James F. McDonough
November 23, 2011
In a recent New Jersey Tax Court memorandum case [Dalton V. Director of Division of Taxation (Doc. No. 020540-2010), the Division of Taxation was ordered to refund income taxes paid on dividend and capital gain reported as earned income in 2006-2008. The taxpayer was a Madoff victim and was subsequently caught between the differences between two systems of taxation, although the underpinning of the NJ gross income tax is federal.
The IRS tackled this issue by setting forth a global procedure (Rev. Rul 2009-9, 2009-14 (IRB 735) to deal with the deductibility of losses and classified as theft losses. The Taxpayer has the option to deduct 95% of the loss if he or she did try to obtain it, and 75% if he or she did (Rev. Proc. 2009-20). The opinion recites that the taxpayer took advantage of the procedure, but did not request refunds for returns of capital and tax-exempt income. Most readers recognize that the federal system requires a taxpayer to recognize income constructively received, such as interest added to a savings account, but not withdrawn.
New Jersey’s Gross Income Tax (“GIT”) differs from the federal income tax in several ways, and it this lack of symmetry that often causes unexpected results that often surprise taxpayers. In the Madoff-type cases, New Jersey demanded that the losses be deducted as investment losses because the GIT statutes do not have a provision for theft losses. However, the court disposed of that argument by noting the inconsistency of the Director’s position, which characterized the losses from theft, not investment. The opinion pointed out a weakness in the position of the Director that there weren’t any assets–much less investment assets–and that “stolen” does not mean “sold”. The Court ended up stating that the taxpayer would be in a position of having paid tax on income erroneously reported.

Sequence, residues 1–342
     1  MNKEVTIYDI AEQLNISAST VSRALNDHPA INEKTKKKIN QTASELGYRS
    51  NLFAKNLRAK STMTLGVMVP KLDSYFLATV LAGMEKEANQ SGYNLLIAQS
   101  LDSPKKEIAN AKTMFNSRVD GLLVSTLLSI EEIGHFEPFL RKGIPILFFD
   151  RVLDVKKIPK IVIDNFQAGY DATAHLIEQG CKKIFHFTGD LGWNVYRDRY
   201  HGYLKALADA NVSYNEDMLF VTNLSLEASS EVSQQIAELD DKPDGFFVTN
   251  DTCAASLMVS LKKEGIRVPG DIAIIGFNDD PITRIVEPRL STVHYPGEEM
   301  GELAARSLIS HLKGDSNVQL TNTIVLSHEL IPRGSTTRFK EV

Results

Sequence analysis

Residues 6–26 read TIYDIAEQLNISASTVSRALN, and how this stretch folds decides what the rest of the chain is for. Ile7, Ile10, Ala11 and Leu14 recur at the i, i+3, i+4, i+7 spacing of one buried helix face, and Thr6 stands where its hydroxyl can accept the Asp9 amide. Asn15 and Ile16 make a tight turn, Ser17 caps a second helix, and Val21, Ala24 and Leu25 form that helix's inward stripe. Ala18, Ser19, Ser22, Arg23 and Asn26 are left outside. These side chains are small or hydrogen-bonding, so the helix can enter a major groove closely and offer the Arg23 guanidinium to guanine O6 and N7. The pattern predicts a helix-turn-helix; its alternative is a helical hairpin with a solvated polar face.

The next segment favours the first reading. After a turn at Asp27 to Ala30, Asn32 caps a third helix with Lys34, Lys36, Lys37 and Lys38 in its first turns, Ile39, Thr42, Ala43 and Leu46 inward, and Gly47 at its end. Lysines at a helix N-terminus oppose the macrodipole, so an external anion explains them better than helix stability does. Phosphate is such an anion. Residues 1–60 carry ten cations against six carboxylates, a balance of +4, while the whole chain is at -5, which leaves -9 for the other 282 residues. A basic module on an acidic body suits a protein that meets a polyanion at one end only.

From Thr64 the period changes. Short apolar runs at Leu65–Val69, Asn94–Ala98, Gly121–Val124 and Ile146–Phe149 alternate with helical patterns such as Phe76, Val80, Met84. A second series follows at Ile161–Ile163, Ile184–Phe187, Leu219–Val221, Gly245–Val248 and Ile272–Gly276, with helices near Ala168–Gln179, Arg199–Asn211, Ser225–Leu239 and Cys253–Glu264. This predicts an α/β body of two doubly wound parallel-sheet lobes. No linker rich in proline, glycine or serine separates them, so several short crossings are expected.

There are two issues that annoy taxpayers. First, the absence of a theft category in New Jersey’s Gross Income Tax produces some abnormalities because there is always a question as to what parts of the federal system have to do with the GIT. Second, the GIT has categories of income that cannot be used against gains in another. Thus, the results of a federal tax analysis do not always translate to the GIT.
IS IT COMPLICATED ENOUGH YET?
Consider other disconnects between the two systems. Depreciation deductions are not always identical, which also produces a disparity between the tax basis used to calculate gain on sales. Corporation losses are another source of taxpayer torment, where the inability to use the losses on a state basis theoretically creates the same disparity. Ultimately, when a corporation’s Certified Public Accountant does not do the individual return for each corporation shareholder, the analysis of a transaction may produce disparate results, much to the surprise—and dismay—of the shareholder group.